Omicron variant: US travel group urges White House to ‘revisit’ reinstatement of country-specific entry bans

US has now restricted travelers from South Africa, 7 neighboring countries

An American travel industry group is asking the Biden administration to "revisit the reinstatement of country-specific entry bans in the near term" as the U.S. is tightening its border controls following the emergence of the omicron coronavirus variant. 

The plea from the U.S. Travel Association – which says the pandemic has caused nearly $300 billion in export income losses on American soil since March 2020 – comes as the U.S. is now restricting travel from South Africa and seven neighboring countries. President Biden has called the restrictions a "precautionary measure until we have more information" about the omicron variant. 

"The U.S. Travel Association respectfully urges the Biden administration to revisit the reinstatement of country-specific entry bans in the near term," Tori Emerson Barnes, its executive vice president of public affairs and policy, said in a statement Sunday

 People queue to get on the Air France flight to Paris at OR Tambo's airport in Johannesburg, South Africa, on Nov. 26.  (AP//Jerome Delay)


"Covid variants are of concern, but closed borders have not prevented their presence in the United States while vaccinations have proven incredibly durable," the statement continued. "That is why America’s travel industry is a vocal proponent of everyone getting a vaccine. With a vaccine and testing requirement in place to enter the U.S. we continue to believe that assessing an individual’s risk and health status is the best way to welcome qualified global travelers into the United States."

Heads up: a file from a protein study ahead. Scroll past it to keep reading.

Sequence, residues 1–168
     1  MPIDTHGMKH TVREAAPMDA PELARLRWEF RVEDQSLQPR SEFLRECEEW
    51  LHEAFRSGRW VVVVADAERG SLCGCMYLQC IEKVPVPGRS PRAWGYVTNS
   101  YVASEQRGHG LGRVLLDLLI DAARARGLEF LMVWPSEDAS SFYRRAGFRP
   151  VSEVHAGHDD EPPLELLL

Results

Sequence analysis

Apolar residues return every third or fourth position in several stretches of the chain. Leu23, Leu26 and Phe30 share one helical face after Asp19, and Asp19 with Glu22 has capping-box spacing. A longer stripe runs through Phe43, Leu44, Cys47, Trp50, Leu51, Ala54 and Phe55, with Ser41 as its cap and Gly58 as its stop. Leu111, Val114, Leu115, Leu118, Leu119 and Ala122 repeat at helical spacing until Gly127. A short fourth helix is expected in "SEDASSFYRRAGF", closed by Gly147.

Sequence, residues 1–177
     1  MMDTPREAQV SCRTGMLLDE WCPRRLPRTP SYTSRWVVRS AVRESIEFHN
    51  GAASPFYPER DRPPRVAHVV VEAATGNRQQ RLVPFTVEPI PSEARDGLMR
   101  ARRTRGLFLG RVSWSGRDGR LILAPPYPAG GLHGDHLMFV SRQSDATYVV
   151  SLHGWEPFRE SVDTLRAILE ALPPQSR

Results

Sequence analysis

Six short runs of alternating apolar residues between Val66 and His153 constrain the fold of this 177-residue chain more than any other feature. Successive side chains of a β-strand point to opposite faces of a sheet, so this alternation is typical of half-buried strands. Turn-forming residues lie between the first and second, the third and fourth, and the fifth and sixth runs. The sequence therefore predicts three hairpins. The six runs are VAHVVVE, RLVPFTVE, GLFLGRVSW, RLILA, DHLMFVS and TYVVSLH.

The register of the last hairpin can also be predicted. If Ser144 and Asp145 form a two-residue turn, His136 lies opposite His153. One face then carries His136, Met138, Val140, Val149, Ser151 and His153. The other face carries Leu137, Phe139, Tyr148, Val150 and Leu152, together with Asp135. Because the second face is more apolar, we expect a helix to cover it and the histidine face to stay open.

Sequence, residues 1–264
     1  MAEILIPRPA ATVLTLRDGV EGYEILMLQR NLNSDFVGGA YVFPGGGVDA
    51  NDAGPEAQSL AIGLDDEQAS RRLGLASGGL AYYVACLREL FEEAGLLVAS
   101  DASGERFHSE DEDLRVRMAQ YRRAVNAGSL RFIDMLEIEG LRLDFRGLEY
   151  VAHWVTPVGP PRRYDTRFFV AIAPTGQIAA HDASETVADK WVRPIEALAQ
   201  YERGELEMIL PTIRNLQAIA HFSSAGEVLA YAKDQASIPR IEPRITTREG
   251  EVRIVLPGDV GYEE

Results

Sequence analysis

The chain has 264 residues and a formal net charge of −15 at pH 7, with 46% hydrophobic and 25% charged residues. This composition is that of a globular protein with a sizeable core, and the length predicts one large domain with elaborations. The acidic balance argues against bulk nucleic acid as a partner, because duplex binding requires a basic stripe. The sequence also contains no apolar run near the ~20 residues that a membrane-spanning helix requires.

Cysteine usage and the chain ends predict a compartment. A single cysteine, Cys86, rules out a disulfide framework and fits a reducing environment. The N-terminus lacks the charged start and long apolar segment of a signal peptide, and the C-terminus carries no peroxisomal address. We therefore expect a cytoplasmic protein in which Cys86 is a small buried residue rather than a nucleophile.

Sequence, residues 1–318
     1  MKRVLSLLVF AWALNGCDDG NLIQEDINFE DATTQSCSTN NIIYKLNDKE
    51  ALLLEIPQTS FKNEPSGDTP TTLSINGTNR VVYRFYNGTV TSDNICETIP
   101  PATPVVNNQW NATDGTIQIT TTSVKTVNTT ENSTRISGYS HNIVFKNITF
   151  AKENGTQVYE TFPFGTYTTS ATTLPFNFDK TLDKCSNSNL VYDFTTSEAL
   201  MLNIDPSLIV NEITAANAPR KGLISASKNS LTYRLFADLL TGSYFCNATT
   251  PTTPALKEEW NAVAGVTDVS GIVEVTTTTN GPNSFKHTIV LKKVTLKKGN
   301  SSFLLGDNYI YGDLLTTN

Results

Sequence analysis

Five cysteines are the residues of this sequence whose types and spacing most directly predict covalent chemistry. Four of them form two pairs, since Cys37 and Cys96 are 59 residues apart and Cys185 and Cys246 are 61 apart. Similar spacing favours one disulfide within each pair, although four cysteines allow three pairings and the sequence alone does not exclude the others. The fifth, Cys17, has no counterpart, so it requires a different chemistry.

Barnes, in a statement to Fox Business, later said "we were engaged with the White House over the weekend and are encouraged by the President’s comments today that he does not anticipate further restrictions.

"This underscores the need for folks to get vaccinated and get booster shots so that travelers, and the travel industry, can continue to return to normalcy," she added.

Earlier this month, the U.S. Travel Association estimated that "declines in international visitation since the start of the pandemic have already resulted in nearly $300 billion in lost export income (from March 2020-October 2021)" and that the declines "also led to the loss of more than a million American jobs." 

People queue to get vaccinated at a shopping mall, in Johannesburg, South Africa, on Nov. 26. (AP/Denis Farrell)

In 2019, the 79.4 million international visitors who came to the U.S. generated $239 billion in export income and directly supported 1.2 million American jobs, it added. 


On Monday, World Health Organization Director-General Tedros Adhanom Ghebreyesus said the scientific community is still working to understand the potential impact of the "highly mutated omicron variant," according to the Associated Press. 

"We don’t yet know whether omicron is associated with more transmission, more severe disease, more risk of infections, or more risk of evading vaccines," he added.